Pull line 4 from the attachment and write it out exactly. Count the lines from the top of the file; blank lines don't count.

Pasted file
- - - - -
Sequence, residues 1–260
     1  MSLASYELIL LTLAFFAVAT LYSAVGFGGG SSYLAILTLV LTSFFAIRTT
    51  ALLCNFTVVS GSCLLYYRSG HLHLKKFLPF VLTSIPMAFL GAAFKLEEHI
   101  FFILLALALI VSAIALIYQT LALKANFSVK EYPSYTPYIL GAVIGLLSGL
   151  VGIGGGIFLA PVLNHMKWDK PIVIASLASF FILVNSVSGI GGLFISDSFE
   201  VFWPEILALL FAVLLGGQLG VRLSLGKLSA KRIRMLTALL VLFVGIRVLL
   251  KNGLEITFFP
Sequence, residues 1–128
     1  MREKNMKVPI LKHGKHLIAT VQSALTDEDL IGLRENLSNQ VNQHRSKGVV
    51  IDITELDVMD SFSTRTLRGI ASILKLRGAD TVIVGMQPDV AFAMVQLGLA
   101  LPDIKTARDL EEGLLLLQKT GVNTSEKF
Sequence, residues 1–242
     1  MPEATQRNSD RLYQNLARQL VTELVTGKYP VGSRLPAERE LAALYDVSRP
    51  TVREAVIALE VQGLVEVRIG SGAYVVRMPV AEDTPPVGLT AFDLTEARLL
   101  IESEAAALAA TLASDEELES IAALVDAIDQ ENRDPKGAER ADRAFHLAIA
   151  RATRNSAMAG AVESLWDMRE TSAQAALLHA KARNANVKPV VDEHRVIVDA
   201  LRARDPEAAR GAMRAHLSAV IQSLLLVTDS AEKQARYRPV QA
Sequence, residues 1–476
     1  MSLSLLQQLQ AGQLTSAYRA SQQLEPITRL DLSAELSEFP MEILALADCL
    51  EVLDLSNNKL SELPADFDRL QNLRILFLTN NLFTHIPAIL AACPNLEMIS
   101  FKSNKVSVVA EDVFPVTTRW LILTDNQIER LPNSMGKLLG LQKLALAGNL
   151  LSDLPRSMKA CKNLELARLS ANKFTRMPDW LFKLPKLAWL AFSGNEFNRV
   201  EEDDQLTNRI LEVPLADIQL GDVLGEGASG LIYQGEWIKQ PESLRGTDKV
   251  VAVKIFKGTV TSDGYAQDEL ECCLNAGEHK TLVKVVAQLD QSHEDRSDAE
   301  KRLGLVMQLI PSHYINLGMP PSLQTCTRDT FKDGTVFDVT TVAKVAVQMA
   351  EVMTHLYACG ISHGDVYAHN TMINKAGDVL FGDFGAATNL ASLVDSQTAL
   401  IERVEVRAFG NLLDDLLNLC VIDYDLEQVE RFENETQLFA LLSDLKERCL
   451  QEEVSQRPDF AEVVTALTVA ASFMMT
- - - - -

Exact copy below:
   101  FFILLALALI VSAIALIYQT LALKANFSVK EYPSYTPYIL GAVIGLLSGL